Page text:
This second book in the Reckoners series reads like a complete story — with it central villain(s) being dealt with by the last chapter and secrets revealed. It also sets up the next book nicely, because those secrets will propel the conflict into grander scales. A thoroughly enjoyable book that did not go beyond my expectations, even when some “shocking truths” are exposed. Perhaps because I have been binging on Agents of S.H.I.E.L.D. as I read this book, and the two storylines share a lot of similarities especially when it comes to how the perceived good characters and those supposedly bad characters might turn out to be very different from what you have originally believed. So, I learned to mistrust all characters (even the narrator himself) until proven otherwise. This makes me wonder about the recent wild popularity of dystopian novels for young people and the central conflict rooted in a strong distrust of one’s government (or team, family, or friends, etc.)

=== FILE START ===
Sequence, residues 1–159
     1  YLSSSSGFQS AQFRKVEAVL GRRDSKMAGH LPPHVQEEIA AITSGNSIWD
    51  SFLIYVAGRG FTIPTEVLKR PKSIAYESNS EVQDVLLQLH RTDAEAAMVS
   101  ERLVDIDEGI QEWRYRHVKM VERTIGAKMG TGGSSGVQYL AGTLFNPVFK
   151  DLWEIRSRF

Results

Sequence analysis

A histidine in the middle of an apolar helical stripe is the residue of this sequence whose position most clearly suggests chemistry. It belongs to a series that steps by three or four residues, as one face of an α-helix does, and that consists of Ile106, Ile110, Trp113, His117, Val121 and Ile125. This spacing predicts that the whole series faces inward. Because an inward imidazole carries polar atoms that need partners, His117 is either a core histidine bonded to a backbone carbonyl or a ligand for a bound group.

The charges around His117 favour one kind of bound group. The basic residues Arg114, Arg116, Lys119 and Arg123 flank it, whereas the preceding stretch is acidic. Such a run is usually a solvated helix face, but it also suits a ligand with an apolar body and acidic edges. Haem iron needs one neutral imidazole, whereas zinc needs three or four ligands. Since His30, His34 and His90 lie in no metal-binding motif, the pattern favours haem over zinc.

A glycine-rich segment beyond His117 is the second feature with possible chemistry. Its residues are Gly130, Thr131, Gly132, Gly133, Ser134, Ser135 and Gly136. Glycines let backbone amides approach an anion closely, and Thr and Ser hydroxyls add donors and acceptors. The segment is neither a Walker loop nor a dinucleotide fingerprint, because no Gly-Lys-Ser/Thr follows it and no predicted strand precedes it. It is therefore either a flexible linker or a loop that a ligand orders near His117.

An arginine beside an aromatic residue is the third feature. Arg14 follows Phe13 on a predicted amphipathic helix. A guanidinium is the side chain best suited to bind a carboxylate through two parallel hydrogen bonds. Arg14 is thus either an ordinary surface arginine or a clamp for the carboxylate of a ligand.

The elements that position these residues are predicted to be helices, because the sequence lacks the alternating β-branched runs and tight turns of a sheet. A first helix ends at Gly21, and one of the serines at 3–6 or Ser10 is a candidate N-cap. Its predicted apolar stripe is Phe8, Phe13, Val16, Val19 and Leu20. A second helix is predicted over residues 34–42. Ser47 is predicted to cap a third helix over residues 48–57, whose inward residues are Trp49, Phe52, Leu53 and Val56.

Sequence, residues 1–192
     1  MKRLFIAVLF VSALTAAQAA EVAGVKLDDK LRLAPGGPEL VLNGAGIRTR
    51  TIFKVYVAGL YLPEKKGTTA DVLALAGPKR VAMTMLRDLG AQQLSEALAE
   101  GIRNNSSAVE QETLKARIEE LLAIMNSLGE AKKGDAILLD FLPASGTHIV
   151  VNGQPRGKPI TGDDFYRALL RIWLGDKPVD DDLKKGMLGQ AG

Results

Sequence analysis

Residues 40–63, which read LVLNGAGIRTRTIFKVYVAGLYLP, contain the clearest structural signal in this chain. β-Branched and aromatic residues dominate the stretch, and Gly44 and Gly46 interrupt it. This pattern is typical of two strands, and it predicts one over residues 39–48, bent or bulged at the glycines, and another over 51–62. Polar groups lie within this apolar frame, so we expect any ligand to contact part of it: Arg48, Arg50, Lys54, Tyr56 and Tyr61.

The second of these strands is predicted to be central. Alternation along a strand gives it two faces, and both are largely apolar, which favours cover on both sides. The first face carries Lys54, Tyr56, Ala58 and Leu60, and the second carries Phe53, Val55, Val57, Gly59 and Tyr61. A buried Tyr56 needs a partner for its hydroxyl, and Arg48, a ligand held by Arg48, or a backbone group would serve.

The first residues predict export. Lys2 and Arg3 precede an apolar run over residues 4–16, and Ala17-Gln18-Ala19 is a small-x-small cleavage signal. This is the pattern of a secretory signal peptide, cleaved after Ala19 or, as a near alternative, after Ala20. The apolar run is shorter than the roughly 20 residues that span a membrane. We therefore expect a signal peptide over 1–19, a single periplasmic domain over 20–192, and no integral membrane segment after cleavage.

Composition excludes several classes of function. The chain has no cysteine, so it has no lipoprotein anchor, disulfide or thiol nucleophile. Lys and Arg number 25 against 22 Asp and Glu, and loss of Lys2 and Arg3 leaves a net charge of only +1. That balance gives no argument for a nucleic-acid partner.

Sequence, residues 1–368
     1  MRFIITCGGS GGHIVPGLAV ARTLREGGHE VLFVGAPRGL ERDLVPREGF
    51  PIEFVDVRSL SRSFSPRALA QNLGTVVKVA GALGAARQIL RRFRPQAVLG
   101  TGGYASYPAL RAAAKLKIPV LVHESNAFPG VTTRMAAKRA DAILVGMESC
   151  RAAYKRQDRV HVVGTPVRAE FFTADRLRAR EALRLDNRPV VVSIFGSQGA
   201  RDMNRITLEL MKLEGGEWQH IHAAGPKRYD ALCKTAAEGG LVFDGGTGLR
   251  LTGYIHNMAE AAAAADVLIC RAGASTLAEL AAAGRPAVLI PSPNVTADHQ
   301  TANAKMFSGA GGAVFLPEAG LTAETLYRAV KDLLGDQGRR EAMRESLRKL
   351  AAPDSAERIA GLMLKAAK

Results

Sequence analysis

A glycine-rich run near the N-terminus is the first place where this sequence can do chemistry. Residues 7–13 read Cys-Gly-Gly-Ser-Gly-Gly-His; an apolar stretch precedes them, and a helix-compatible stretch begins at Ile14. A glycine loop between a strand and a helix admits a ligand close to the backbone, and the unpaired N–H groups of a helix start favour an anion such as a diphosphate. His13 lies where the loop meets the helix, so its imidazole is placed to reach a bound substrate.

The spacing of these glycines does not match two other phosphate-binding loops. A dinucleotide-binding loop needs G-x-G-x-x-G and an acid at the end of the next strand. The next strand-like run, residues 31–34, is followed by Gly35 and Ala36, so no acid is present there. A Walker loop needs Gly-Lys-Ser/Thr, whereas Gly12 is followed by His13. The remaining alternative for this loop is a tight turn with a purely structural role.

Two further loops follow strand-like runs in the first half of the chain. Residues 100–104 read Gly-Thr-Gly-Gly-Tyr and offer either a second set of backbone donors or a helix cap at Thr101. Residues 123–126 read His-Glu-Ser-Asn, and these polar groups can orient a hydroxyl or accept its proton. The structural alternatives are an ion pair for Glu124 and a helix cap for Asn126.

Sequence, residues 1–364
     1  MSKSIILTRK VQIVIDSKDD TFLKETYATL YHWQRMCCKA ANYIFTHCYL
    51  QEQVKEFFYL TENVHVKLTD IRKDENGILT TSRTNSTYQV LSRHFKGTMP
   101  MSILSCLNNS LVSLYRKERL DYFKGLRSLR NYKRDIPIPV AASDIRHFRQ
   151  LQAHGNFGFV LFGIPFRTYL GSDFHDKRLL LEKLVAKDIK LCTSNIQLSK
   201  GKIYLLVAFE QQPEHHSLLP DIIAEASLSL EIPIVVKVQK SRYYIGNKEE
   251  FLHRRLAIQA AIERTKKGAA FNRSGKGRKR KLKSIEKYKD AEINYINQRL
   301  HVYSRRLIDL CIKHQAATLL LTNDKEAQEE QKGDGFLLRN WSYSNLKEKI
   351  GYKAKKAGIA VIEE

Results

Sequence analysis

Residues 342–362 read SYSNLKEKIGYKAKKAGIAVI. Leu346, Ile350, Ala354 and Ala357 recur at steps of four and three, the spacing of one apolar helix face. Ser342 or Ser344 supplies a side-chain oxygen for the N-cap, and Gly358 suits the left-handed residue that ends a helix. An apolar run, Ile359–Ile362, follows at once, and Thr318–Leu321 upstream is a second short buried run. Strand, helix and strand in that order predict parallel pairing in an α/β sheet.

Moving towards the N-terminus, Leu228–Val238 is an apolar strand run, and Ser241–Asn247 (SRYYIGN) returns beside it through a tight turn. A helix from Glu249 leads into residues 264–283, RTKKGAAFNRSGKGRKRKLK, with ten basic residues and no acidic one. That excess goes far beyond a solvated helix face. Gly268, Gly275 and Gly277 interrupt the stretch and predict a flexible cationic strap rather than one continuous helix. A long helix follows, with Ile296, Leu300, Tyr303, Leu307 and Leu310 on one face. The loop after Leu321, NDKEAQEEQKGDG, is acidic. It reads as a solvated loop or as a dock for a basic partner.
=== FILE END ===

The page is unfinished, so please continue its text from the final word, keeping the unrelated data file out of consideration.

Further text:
I am all for critical thinking and questioning authority and demanding clear reasons and transparency when we are asked to behave in certain ways (and when we ask young people to follow certain rules and paths.) However, I often fear that we (as educators) are encouraging generations of young people to question everything every step of the way and mistrust those around them as the default form of interaction with the wider world. Once in a while, it would be so nice to simply just trust since I do believe that large portion of humanity is good.